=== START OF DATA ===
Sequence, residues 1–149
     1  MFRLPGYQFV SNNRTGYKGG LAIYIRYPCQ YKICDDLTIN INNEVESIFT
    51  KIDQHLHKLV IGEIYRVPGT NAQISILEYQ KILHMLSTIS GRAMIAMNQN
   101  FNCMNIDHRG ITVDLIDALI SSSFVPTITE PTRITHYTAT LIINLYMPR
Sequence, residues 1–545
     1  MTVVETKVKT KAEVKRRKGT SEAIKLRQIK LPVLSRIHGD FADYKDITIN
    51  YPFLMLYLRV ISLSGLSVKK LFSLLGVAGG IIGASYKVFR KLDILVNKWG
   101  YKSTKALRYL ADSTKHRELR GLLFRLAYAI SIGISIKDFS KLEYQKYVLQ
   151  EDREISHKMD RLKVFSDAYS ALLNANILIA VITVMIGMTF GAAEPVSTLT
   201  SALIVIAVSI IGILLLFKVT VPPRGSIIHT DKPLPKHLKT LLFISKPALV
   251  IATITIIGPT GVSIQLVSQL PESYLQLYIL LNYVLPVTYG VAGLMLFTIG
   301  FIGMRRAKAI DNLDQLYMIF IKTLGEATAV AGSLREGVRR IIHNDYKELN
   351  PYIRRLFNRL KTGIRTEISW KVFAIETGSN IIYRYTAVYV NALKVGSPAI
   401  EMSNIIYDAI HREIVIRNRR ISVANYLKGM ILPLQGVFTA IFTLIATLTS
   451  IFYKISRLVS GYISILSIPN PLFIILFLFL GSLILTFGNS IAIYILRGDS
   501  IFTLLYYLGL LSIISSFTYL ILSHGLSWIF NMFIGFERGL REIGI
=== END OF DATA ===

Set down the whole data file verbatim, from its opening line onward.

Sequence, residues 1–149
     1  MFRLPGYQFV SNNRTGYKGG LAIYIRYPCQ YKICDDLTIN INNEVESIFT
    51  KIDQHLHKLV IGEIYRVPGT NAQISILEYQ KILHMLSTIS GRAMIAMNQN
   101  FNCMNIDHRG ITVDLIDALI SSSFVPTITE PTRITHYTAT LIINLYMPR
Sequence, residues 1–545
     1  MTVVETKVKT KAEVKRRKGT SEAIKLRQIK LPVLSRIHGD FADYKDITIN
    51  YPFLMLYLRV ISLSGLSVKK LFSLLGVAGG IIGASYKVFR KLDILVNKWG
   101  YKSTKALRYL ADSTKHRELR GLLFRLAYAI SIGISIKDFS KLEYQKYVLQ
   151  EDREISHKMD RLKVFSDAYS ALLNANILIA VITVMIGMTF GAAEPVSTLT
   201  SALIVIAVSI IGILLLFKVT VPPRGSIIHT DKPLPKHLKT LLFISKPALV
   251  IATITIIGPT GVSIQLVSQL PESYLQLYIL LNYVLPVTYG VAGLMLFTIG
   301  FIGMRRAKAI DNLDQLYMIF IKTLGEATAV AGSLREGVRR IIHNDYKELN
   351  PYIRRLFNRL KTGIRTEISW KVFAIETGSN IIYRYTAVYV NALKVGSPAI
   401  EMSNIIYDAI HREIVIRNRR ISVANYLKGM ILPLQGVFTA IFTLIATLTS
   451  IFYKISRLVS GYISILSIPN PLFIILFLFL GSLILTFGNS IAIYILRGDS
   501  IFTLLYYLGL LSIISSFTYL ILSHGLSWIF NMFIGFERGL REIGI